I’ve never been a huge fan of carrot soup. I think it’s the limited texture and mouthfeel, so I get bored eating it. Lately we’ve been blessed with an abundance of beautiful purple carrots so I decided to make a soup that would satisfy my tastes. I jazzed this up with corn, sesame seeds, and chives. It makes for a great light dinner with plenty of crunch. Continue reading →
In Japan, Houzuki is a “ground cherry.” It’s not that the fruit is mashed up, but that it is a low growing plant. When ready to be eaten, it tends to drop its fruit on the ground, hence the name I suppose. They ripen in their husk to a golden hue. I’ve heard the ground cherry likened to a gooseberry, but can’t attest to the similarity.
The ground cherry has a lively flavor that is at once sweet and acidic, like pineapple or tomato. The local farmers markets are flush with beautiful fruits, so I wanted to make a fresh fruit salsa. Continue reading →
I’ve been on a chutney kick lately. Chutney goes well with rice, pasta, corn cakes, and idli (fermented bean and rice cakes). It makes a great dip, but it’s so good that I’ve been known to eat it by the spoonful. If you struggle with finding new ways to pack a ton of vegetables into a meal, then chutney is a great choice. Continue reading →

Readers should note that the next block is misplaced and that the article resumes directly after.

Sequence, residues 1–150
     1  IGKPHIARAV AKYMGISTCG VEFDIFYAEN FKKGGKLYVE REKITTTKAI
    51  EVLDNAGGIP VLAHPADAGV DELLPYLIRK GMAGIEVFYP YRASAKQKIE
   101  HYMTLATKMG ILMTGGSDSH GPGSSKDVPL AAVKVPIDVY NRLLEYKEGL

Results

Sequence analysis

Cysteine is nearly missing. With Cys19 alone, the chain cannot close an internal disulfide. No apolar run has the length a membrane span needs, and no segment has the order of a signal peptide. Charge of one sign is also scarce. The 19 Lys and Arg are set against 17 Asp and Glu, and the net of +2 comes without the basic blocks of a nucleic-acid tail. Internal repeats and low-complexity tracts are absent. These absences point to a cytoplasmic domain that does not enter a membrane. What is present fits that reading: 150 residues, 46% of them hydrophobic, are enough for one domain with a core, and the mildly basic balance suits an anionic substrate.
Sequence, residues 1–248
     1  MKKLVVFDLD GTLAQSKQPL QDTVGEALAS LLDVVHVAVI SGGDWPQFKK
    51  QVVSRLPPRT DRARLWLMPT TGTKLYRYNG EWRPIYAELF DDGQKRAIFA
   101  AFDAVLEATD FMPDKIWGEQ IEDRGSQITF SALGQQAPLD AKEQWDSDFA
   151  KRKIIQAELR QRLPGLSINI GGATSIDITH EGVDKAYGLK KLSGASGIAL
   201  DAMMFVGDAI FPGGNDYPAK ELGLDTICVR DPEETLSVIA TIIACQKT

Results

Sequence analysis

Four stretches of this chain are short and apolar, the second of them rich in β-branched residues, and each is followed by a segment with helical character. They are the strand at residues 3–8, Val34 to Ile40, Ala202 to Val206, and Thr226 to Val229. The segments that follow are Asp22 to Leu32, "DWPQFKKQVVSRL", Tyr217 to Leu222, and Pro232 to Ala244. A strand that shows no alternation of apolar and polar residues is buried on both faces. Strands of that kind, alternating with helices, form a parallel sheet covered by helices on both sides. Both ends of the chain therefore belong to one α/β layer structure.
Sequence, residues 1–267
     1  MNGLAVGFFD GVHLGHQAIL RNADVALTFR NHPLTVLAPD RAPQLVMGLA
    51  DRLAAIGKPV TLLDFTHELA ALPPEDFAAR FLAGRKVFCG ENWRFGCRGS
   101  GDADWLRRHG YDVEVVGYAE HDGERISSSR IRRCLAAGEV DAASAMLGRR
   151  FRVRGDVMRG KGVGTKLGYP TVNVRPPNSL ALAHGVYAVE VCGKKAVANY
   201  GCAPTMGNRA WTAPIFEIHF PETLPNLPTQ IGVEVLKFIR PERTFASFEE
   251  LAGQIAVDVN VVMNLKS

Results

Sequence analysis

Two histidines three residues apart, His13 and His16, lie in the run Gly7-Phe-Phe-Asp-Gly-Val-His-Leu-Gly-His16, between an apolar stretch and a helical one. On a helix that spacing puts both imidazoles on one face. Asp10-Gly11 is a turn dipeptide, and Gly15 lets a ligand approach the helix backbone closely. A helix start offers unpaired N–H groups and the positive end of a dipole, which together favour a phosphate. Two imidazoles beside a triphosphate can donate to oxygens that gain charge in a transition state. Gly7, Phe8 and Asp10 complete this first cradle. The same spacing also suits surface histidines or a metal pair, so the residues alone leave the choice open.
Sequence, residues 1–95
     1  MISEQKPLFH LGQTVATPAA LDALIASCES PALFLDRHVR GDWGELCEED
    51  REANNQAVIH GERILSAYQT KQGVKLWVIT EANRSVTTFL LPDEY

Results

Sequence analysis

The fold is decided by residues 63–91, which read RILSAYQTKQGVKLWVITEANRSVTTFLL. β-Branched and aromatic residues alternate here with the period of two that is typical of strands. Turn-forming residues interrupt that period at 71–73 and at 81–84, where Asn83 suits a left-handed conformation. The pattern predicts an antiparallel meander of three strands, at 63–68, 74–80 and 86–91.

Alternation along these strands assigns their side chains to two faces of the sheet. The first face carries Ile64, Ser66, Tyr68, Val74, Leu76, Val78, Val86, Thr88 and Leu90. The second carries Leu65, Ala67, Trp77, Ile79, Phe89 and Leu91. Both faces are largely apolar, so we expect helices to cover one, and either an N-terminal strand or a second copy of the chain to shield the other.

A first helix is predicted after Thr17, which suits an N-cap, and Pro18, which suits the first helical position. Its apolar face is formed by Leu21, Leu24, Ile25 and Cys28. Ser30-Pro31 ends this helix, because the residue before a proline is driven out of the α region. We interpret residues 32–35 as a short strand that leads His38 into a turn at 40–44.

Abhyanga is a warm oil massage, and it is one of the most important parts of a self-care routine. In Hindi, sneha means oil, and it also means love. It is a truly wonderful thing to do for yourself. This DIY body oil can be applied before or after a shower, and anytime your skin needs some affection. Continue reading →
I spent the past week working at an organic farm on Okinawa. Gee whiz, the life of a farmer is rough! The work is hard and the rewards are great! In addition to feeding pigs (blech!), I learned about the farm-to-table concept. Husband and I talk about a small farm of our own one day, so I was testing the waters. I think it will be a good fit, so long as we can find farmland, in the middle of the suburbs, for a great price. This experience afforded me plenty of opportunity to practice Japanese and eat delicious organic food. Continue reading →
Mikans are a seedless variety of tangerine. After zesting six mikans for another recipe, I knew that I had to act fast before they dried out. I wasn’t going to eat them over the course of a day, so I did what anyone with a high-powered blender would do. . . I drank them.
To be clear, this is a dessert, and probably the best fruit smoothie that I’ve ever had. It’s bright, warming, and comforting. The tiny specs of vanilla bean warm my heart and I’m pretty sure that I’m in love. Continue reading →
If you brew kombucha, then I’m sure you’ve asked yourself what to do with all of the extra SCOBYs. After nurturing these babies like a mother, you can’t just throw them away, right? You’ve already given one to everyone you know . . . twice. If there are no more vacancies in your SCOBY hotel, then I invite you to make some kombucha candy. Continue reading →